As a design/build firm, GHC works with clients from start to finish on problem solving building projects that create or increase the functionality of a client's home through the use of VE principles.   Hoyt says, "It's a balance that is struck as we guide our customers through the various choices necessary to achieve the results needed within the budget or timeline available.  The interesting part about this work is that no two projects are alike because no two clients are alike."

Simply put, VE is a cyclical evaluation process in which ideas are generated with the possibility of solving a certain degree or aspect of 'design dysfunction' present in a home, while maintaining a financial cost that is within the home owner's limits.  Ideas are modified and evaluated until a plausible solution is achieved.

Anderson Valley architect, Ron Verdier, also makes use of VE as an important tool in home design.  "Value engineering is a valuable tool which helps the design team bring a project or parts of a project into the owner's budget.  We always recommend to an owner to have a contractor on board in the early stages of design so that we can value engineer the project if necessary.   Through the contractor's VE we can find cost saving alternatives which will allow us to maintain the project's aesthetics", says Verdier.

The journey from idea phase to plausibility and budget evaluation phases, usually takes homeowners through a series of value judgments where they must determine which set of parameters are the most important - appearance, cost, longevity, maintenance requirements, etc.   The result of this series of decisions determines the final result.   For simple do-it-yourself projects, it is often just a matter of visiting the hardware store and choosing a product that is not too expensive, but will give reasonably boastful results.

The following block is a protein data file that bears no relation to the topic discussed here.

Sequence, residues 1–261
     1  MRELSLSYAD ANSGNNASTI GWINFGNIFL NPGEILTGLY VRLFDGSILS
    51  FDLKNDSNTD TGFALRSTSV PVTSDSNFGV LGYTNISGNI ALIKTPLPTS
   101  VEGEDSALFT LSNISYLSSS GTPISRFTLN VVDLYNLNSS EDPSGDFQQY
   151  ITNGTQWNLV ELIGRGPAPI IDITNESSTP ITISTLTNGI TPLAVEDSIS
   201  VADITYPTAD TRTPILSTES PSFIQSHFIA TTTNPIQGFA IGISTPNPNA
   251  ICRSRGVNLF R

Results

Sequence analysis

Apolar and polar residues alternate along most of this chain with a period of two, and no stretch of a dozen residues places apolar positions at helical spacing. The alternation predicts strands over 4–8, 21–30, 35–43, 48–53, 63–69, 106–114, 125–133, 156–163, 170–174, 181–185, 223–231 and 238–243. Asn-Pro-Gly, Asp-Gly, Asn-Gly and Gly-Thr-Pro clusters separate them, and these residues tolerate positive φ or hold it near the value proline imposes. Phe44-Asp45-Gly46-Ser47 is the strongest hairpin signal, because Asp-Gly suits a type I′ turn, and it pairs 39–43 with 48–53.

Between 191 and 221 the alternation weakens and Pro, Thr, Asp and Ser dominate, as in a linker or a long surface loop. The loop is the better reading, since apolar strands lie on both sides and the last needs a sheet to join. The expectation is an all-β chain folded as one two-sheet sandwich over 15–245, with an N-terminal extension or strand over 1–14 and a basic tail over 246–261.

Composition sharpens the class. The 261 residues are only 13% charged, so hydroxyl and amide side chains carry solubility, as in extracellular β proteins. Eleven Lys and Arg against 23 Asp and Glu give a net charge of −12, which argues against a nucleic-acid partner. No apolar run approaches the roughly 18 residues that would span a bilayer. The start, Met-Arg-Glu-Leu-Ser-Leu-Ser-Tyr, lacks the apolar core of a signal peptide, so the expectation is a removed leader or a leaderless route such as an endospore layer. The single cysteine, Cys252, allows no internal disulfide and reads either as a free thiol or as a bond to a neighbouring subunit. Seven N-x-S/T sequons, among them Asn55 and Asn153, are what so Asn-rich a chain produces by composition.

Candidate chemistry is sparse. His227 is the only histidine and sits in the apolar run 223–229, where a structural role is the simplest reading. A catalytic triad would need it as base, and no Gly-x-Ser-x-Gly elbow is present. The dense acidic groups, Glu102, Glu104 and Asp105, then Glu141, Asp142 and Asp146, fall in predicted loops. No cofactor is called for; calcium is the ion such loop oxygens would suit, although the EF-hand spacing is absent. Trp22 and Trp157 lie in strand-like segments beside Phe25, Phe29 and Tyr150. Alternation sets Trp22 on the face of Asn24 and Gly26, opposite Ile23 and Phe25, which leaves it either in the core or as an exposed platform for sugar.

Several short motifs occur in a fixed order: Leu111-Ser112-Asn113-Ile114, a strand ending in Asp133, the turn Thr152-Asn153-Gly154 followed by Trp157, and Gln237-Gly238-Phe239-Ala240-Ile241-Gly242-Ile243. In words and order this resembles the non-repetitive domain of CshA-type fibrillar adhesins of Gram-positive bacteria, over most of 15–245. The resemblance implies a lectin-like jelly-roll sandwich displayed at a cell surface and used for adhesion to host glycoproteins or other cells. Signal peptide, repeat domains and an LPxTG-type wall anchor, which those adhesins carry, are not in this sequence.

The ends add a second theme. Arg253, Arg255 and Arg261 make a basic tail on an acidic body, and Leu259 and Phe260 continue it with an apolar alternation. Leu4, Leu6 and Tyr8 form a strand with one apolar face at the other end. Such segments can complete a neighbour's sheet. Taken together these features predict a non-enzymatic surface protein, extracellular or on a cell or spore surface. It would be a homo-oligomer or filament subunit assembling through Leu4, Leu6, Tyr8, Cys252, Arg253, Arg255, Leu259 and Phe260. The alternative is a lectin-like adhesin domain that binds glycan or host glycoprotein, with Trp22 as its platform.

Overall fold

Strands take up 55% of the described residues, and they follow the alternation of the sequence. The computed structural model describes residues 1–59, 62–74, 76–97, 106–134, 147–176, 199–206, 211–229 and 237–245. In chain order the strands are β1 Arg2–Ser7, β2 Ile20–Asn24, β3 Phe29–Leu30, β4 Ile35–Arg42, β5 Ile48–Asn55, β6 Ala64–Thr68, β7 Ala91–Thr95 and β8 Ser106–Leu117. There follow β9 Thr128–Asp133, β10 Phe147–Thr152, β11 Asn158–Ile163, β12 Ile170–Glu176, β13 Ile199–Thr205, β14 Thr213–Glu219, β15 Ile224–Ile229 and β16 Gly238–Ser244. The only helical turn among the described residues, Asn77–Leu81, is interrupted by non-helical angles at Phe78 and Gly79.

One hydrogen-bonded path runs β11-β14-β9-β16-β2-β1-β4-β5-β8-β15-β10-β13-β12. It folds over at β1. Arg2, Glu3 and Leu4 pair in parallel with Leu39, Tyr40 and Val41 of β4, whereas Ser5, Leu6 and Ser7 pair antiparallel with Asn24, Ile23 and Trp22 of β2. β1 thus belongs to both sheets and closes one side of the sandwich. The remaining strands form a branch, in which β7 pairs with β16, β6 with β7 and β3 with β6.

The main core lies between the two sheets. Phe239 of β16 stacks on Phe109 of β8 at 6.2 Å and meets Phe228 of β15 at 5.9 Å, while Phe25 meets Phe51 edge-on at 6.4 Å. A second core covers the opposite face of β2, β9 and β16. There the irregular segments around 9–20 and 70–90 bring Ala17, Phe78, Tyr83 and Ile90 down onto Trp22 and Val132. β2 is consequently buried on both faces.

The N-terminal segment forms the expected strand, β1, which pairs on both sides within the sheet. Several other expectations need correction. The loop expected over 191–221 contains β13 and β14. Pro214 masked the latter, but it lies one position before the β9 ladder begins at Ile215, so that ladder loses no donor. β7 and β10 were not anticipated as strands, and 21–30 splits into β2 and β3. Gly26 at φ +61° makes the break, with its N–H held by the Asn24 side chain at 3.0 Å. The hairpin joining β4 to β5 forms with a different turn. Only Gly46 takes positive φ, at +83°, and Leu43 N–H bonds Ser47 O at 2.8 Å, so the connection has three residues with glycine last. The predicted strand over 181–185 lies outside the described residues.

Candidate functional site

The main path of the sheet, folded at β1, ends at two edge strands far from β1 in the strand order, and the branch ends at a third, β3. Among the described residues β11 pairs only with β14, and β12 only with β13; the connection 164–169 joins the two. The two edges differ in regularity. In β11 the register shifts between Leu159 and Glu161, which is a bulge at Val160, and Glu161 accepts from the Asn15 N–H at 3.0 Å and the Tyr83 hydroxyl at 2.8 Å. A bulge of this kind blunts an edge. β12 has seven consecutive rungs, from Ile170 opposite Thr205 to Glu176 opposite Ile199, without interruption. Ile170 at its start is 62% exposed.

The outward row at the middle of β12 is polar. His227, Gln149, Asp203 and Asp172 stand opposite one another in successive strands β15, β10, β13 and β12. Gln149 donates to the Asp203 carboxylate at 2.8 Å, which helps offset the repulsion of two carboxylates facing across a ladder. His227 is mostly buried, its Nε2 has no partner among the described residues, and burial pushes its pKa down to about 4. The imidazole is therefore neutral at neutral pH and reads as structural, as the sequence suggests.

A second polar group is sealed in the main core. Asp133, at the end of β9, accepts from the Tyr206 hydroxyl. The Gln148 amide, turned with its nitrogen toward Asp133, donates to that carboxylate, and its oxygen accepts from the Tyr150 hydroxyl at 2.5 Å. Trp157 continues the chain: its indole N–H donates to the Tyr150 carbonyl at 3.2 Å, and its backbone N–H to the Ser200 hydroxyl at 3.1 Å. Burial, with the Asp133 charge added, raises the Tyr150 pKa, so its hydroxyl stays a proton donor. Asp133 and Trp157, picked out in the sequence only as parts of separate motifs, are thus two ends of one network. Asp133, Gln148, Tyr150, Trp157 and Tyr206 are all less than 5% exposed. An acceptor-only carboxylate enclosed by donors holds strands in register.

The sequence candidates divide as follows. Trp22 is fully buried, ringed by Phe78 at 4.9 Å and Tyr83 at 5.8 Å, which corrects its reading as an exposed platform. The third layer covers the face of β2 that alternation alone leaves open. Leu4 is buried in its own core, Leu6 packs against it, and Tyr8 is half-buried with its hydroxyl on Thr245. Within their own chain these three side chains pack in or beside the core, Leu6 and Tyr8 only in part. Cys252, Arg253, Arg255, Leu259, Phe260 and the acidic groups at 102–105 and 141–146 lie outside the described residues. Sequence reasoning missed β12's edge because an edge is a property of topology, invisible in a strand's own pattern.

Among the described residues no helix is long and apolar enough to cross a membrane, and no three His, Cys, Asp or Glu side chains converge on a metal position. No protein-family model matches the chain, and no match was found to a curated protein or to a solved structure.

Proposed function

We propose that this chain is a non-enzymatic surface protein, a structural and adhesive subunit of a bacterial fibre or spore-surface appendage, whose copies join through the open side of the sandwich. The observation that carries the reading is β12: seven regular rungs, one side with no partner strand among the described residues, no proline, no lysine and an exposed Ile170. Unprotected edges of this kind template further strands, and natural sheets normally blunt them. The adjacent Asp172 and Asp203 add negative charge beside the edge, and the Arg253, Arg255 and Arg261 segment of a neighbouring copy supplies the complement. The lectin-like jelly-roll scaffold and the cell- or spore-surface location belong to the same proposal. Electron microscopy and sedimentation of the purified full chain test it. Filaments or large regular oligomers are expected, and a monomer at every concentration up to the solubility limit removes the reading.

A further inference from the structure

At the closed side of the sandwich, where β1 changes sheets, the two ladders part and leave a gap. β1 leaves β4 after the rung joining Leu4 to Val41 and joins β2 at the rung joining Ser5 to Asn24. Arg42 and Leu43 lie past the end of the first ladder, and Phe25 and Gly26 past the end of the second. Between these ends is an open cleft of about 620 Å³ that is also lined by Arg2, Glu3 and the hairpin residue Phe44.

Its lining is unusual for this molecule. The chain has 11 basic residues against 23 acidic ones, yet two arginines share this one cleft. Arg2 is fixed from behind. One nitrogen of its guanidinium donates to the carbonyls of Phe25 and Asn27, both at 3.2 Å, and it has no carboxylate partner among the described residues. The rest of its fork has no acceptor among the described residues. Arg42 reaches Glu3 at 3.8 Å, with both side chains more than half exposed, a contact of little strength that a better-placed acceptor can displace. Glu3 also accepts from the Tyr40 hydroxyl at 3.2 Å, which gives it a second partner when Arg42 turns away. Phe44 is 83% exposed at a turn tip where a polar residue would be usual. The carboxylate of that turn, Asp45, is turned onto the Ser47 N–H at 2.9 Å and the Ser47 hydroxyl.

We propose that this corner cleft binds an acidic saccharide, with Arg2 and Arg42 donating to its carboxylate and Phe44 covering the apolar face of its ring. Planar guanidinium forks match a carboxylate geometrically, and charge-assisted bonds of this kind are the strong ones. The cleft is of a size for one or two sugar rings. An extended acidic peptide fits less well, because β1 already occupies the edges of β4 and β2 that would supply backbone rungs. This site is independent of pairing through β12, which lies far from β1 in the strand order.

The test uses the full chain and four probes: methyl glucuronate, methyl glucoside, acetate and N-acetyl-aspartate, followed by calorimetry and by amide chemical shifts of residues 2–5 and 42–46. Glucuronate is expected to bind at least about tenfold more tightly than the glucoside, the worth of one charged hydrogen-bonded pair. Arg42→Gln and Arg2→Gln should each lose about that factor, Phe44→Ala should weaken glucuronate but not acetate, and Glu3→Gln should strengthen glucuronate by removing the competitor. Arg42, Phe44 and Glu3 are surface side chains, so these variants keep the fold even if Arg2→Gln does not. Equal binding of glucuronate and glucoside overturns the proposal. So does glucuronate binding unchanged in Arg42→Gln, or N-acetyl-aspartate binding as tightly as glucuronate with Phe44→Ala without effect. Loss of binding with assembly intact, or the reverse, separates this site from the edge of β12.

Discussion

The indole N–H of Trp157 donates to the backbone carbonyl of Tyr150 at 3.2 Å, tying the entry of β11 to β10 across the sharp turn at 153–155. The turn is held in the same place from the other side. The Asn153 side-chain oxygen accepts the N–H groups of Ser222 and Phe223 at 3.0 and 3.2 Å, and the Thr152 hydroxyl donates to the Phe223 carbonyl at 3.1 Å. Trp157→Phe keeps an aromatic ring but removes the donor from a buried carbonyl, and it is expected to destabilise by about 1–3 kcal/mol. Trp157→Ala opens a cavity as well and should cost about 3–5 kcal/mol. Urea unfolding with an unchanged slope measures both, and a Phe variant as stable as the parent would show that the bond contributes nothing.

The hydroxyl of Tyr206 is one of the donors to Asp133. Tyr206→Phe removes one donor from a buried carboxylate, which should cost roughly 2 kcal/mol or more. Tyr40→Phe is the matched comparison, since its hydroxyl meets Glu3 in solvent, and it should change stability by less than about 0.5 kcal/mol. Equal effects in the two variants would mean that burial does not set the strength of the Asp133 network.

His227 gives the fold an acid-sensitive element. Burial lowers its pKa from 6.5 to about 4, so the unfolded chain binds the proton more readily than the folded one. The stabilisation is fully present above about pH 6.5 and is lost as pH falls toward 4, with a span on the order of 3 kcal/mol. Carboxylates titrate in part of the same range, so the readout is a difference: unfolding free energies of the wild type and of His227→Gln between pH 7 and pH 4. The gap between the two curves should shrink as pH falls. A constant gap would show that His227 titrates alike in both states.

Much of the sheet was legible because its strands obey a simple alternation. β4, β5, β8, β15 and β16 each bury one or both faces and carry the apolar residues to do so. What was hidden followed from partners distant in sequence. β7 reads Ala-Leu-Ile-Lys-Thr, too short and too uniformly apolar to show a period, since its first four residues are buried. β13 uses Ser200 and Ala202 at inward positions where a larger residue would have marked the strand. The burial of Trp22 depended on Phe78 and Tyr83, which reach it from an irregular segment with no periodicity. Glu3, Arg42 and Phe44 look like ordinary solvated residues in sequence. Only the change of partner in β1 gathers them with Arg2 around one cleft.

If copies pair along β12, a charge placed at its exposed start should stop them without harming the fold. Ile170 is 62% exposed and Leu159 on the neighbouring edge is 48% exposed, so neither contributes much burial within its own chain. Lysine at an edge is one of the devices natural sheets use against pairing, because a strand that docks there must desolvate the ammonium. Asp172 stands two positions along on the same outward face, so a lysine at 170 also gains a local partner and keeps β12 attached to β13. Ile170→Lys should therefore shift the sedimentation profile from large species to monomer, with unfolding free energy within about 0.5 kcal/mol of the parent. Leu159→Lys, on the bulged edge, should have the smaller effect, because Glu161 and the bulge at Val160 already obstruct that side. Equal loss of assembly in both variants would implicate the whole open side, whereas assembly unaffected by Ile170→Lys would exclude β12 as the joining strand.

Larger projects however, have a far greater quantity of choices through which a skilled VE professional (Verdier and Hoyt for example) can guide.   Often, the parameters that seem the most important in the beginning of the process, give way to others as the full picture comes into view.   The bottom line is that the VE process gives you the best solution to your home building or improvement needs for the money you have available or care to spend.

Hoyt adds, "Building value into your home is important.   It is worth the time it takes to plan and evaluate just exactly what is necessary, and finding the right people to help you achieve that is an important first step."